It’s hard to imagine what life must have been like in the late 1800s in a California gold boomtown, but we decided to check out Bodie to get a little taste.
To reach Bodie from Lee Vining we had to drive about 20 miles north on Hwy 395, crossing the 8,100’ Conway Summit. It was such a lovely day we stopped to look at the view and take a few pictures. Bumper stickers of all kinds have been plastered on the guardrails.
Thought this was cute.
But then I found my favorite. As a Pennsylvania girl who moved to the Gulf Coast of Florida and never acquired a taste for oysters, I can tell you this is so true!
View of Mono Lake from the summit.
Now on to Bodie, another 13 miles east of 395, with the last three miles being a fairly good dirt road. After the big gold rush on the western side of the Sierra Nevada, prospectors began looking on the eastern side. Bodie became a boomtown by 1879 with a population of 8,500, over 2,000 buildings, 450 businesses including at least 60 saloons, a Chinatown, and a red light district.
Bodie had a reputation for lawlessness with reports of daily stagecoach holdups, shootouts, and saloon brawls.
The boom ended in 1881 when the mines were depleted. By 1886 the population was down to 1,500.
Bodie had a short revival in the early 1890s with the invention of the cyanide process to recover gold and silver from discarded mill tailings and from low-grade ore bodies that had been passed over. Also electricity was brought in, a much cheaper and easier way to run the mines than wood power. A fire in 1892 destroyed much of the business district.
The gray buildings are the Standard Mine and Mill, which yielded around $25 million dollars in gold. This part is off-limits, except for guided tours during the summer.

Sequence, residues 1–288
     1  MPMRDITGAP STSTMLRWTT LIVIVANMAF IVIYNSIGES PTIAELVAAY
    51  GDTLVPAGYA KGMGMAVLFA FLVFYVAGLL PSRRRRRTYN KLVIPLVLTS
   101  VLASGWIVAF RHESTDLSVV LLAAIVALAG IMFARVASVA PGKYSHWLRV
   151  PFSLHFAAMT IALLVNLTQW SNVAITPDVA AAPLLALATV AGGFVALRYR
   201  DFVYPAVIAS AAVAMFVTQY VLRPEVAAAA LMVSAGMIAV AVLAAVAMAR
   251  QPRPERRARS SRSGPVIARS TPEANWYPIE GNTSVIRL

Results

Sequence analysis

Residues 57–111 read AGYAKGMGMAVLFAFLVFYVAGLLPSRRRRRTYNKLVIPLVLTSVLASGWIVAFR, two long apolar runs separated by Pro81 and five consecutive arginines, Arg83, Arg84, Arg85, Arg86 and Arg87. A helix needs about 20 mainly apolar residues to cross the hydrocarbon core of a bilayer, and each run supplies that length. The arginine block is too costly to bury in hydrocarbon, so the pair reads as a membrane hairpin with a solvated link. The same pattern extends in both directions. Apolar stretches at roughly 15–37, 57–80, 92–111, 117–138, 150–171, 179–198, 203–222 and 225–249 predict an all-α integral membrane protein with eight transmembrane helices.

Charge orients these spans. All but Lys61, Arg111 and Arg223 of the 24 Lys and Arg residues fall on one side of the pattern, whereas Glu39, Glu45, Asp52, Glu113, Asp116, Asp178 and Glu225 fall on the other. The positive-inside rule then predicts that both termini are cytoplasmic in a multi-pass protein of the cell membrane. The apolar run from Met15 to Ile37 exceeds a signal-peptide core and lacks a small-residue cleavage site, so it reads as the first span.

In 1932 another fire destroyed 95% of the town, and to preserve what remained the state of California acquired the property in 1962 when it was designated as a National Historic Site and a State Historic Park. The state charges a $5 admission fee.
Some of the houses have been renovated and are lived in by park personnel. There was “ranger residence” sign on this one, and someone from the CA state park system actually lives in Bodie year-round, with more joining them in the busier summer months.
The buildings are not open but we peeked in a lot of windows.
A look inside the mortuary.
Living room of one of the houses.
The state is keeping Bodie in a state of “arrested decay”, meaning they don’t actually restore the structures but try to stabilize them so they will remain as they are. You can see how these two buildings are being propped up.
It was a cool and breezy but sunny day when we visited. What surprised us were the number of biting gnats that swarmed our faces. I had some Deep Woods Off and we all used it but they were relentless. We spent over a couple hours walking around and taking photos. Our plan was to have a picnic lunch and wander around some more. After eating in the car we decided we’d had enough and headed off to scope out the bug situation for our planned hike in Lundy Canyon the following day. Happily the trail was bug-free so we didn’t have to change our plans.
A little preview of the next post. I recovered from my illness and Jim didn’t get it so all is good.